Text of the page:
(Inexpensive lens hood – less than $20. Classy, yeah?)
I added a thumb grip, soft shutter release button and a lens hood to the camera. The lens hood in using instead of any kind of protective filter on the lens. I figure the hood should be adequate protection and it’ll help block out some flare. The soft release button helps me to fire the shutter faster and the thumb grip (attached to the hot shoe) allows a slightly better grip to the camera. Without the thumb grip it’s a little harder to operate the camera one handed. With it, the camera feels more secure in my hand. I didn’t buy the Fuji version which is nearly $90! I found one on Amazon for about $20 and it works great. I also bought a third party lens hood for under $20. It’s a clone of the Fuji one and it helps make the camera look really classy.
Electronic and manual shutter. Using the electronic shutter you can achieve very high shutter speeds. Just don’t expect to use it with moving subjects because you’ll get “Jello Cam” shots. Any vertical lines in the image will be slanted in the opposite direction the subject, or camera, was moving. Use it when you really need to be quiet or in really bright light if you need to. The mechanical shutter is very quiet and is barely noticeable.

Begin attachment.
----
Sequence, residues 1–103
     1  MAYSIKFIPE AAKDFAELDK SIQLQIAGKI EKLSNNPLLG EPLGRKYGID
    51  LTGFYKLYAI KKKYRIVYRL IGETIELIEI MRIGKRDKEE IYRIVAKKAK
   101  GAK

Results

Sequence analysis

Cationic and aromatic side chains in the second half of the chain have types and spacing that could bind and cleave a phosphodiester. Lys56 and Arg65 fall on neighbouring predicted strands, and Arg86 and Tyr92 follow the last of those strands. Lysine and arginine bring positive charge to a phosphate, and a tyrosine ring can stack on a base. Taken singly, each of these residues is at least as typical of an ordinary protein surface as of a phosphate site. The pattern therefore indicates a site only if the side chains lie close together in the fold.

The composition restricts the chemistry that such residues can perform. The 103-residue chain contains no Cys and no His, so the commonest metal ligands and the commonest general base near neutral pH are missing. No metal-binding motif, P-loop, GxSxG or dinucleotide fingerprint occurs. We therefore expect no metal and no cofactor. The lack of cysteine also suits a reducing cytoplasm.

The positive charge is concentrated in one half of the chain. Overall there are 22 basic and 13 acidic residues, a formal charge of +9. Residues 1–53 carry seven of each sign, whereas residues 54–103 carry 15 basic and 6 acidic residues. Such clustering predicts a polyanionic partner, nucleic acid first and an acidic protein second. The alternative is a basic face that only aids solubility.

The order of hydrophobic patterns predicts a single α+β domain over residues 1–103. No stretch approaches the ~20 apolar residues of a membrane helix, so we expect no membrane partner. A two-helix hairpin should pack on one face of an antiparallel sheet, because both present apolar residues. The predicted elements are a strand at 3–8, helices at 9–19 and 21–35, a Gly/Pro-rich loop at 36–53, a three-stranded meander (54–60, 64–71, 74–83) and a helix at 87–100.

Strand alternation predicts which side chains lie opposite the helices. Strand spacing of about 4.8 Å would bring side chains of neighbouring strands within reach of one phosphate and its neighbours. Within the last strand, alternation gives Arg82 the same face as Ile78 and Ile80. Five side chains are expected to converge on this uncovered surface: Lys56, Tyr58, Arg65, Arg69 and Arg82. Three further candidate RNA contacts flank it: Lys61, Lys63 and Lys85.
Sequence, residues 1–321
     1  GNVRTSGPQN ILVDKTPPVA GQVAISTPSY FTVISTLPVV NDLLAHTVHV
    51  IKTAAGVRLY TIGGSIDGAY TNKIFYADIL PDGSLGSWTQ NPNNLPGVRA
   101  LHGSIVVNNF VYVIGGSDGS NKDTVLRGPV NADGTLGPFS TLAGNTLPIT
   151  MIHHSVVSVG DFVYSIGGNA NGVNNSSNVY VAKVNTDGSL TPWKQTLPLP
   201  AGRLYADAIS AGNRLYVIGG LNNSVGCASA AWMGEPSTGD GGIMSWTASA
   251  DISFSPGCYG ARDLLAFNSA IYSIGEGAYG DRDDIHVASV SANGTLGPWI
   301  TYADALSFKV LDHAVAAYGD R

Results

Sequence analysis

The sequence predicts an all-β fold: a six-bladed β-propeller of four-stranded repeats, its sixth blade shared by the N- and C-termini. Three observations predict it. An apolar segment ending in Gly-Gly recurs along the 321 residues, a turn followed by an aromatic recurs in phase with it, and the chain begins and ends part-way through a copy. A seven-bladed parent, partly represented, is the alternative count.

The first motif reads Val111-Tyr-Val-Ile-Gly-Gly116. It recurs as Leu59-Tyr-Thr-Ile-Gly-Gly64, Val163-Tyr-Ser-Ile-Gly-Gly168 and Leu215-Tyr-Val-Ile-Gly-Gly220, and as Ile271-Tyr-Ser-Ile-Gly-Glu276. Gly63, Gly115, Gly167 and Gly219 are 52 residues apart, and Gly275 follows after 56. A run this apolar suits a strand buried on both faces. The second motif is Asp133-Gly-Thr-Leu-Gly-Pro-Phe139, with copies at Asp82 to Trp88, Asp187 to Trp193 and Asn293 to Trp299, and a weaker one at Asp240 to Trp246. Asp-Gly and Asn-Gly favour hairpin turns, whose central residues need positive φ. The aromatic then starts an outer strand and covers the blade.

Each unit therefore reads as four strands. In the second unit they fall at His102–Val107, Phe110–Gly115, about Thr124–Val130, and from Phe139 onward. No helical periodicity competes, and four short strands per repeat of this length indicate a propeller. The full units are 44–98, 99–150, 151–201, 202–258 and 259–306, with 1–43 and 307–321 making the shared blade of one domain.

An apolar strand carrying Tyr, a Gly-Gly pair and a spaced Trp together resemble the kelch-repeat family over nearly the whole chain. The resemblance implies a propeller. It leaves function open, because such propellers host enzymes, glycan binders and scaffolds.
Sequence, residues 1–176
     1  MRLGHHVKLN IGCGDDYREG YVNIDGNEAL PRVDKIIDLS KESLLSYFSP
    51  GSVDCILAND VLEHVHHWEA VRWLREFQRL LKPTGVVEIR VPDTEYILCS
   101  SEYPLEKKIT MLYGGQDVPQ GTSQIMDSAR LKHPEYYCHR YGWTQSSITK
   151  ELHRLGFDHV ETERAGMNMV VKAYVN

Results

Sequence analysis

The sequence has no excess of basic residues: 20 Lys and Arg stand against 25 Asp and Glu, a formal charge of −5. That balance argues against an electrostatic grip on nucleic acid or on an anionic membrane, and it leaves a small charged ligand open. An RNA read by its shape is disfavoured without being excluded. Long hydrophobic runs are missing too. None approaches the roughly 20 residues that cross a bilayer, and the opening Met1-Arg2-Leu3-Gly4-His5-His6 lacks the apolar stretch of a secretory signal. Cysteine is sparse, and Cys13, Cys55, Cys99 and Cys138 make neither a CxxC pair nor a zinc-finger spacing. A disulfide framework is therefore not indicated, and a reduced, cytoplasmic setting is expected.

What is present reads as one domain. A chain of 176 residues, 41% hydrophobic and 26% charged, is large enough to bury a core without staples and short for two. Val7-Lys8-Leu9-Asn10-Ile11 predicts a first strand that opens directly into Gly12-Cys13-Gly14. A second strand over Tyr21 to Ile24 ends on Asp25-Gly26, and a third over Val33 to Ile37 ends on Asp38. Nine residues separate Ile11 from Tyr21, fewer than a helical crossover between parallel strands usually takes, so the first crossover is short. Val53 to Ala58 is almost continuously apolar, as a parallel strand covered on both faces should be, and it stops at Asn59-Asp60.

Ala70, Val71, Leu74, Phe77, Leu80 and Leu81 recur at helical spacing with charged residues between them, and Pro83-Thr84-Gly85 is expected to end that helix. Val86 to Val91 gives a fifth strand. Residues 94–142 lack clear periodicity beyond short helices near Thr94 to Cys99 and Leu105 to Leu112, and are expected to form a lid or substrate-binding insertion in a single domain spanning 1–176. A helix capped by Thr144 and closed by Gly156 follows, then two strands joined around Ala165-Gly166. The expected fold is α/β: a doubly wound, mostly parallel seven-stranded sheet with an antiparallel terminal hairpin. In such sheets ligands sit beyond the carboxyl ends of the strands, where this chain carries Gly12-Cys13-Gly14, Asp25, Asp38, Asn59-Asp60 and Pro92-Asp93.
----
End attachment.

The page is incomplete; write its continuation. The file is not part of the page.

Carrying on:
The X100T is a beast to learn. Don’t think you’re going to know this camera overnight; you’re not. You don’t have scene modes to work with and there’s only “auto” setting (Program). You’re going to have to work a bit to get know how the X100T works. I know I still have a lot to learn about how this thing focuses and how to take best advantage of the custom settings. Read the manual. Read all the reviews you can. Learn this thing. Be patient. You’ll be rewarded for sure.

I think this is one of the best cameras I’ve owned in the over 35 years I’ve been shooting. Being that I’ve spent more of my life shooting film than digital in that time, I believe Fujifilm has done a fantastic job of blending the two genres. The camera reminds me of the rangefinder film cameras of old, while giving me all the great advantages of digital capture. It’s a great “every day” camera but I haven’t been afraid of using it on a job (which I did the first week I got it – not recommended, but the results were great).

I’ve never written a review of a camera before, but felt compelled to with this one, just to share my experiences and how I feel about it. Fujifilm has done a terrific job with the X100T and if you’re looking for a camera like this, I cannot recommend it enough.


(Sample shots – processed and unprocessed)